Also make quite certain that each paragraph does no more than support and upon single main point. This point should be, in part, an answer to the essay question and seek to show the author's choices (i.e. methods, language use, structure, style, etc.) produce an effect and why this was done - usually to set a scene, create mood or tension, create a character or develop a theme. And always support your points with a well chosen, suitable and brief quotation or description of the action in a play.

Follow this by a commentary in which you discuss some relevant aspect of the qualities of style and language used in the quotation. For example, did the writer use language or structure to attract the reader's attention, to engage the reader, to help the reader look at life differently, and so on?

Aim to build up your body paragraphs so they develop into a structure that answers the essay question effectively and progressively.

When planning your writing, aim to break down the text(s) into its to find its most parts - ones that will allow you to make a suitable point or statement and ones directly related to the question. Make sure to avoid overly obvious or simplistic points and remember that it is easier and more logical to begin at the beginning and work through the text to its end.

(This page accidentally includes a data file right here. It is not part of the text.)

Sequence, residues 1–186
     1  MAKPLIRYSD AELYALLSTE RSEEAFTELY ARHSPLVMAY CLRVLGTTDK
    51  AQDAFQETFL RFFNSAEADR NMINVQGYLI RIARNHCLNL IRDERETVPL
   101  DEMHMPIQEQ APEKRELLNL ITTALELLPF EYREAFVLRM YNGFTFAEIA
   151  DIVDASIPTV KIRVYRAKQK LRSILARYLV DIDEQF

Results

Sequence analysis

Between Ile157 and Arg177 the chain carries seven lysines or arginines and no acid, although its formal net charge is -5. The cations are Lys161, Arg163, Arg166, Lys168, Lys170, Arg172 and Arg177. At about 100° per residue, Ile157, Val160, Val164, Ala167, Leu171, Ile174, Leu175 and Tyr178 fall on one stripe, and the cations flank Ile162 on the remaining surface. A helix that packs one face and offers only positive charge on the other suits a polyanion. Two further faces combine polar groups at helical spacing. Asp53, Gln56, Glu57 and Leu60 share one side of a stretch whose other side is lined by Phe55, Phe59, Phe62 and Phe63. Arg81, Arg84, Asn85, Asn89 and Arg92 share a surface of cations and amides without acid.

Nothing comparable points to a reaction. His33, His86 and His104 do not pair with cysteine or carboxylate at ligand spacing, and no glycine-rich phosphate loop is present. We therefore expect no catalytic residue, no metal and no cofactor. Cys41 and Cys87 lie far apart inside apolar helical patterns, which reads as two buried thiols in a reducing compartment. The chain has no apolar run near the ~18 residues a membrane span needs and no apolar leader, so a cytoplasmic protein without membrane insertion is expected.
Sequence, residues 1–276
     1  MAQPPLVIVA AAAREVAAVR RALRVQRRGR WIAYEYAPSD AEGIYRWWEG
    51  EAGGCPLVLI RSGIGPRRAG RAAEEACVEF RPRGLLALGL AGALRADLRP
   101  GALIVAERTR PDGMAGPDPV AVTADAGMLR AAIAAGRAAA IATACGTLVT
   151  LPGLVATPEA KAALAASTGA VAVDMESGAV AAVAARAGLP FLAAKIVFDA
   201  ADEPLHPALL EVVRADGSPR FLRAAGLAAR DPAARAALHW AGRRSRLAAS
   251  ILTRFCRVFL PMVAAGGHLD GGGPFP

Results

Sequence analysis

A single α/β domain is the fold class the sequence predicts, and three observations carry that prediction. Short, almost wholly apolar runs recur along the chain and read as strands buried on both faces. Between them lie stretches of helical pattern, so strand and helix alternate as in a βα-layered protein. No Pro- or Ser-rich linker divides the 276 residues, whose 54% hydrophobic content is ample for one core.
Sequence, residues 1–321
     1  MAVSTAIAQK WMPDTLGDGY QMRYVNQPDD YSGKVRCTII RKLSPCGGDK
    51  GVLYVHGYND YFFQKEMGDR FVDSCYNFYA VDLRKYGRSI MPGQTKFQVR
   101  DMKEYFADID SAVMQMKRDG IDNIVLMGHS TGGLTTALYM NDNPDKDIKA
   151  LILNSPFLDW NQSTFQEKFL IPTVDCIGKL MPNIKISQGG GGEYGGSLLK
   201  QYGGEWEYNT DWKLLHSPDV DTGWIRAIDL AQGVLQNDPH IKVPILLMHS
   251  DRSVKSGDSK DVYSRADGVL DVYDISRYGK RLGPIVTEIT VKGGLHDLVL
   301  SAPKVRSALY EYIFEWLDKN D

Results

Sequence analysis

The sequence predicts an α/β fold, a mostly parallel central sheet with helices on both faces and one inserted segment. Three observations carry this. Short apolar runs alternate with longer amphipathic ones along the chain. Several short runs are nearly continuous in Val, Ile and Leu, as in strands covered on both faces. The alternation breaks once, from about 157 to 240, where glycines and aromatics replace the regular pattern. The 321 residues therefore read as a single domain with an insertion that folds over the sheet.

Make sure that the quotations you choose to support your points are significant enough in their effect to allow you to discuss their style and language meaningfully.




This important technique is an ideal way of ensuring that you support and comment each of the points you make to support your overall conclusion about the text and question. It encourages you to remember to develop your own insights into the author's likely motivations and reasons.

Here is an example of this method of analysis in action, based on the poem 'Stealing' by Carol Ann Duffy. The same general process can be applied to any other kind of text - fiction or non-fiction. Used consistently and well, this method will gain you the highest grades available:

1. First make a relevant statement or point about the text that helps directly answer the essay question...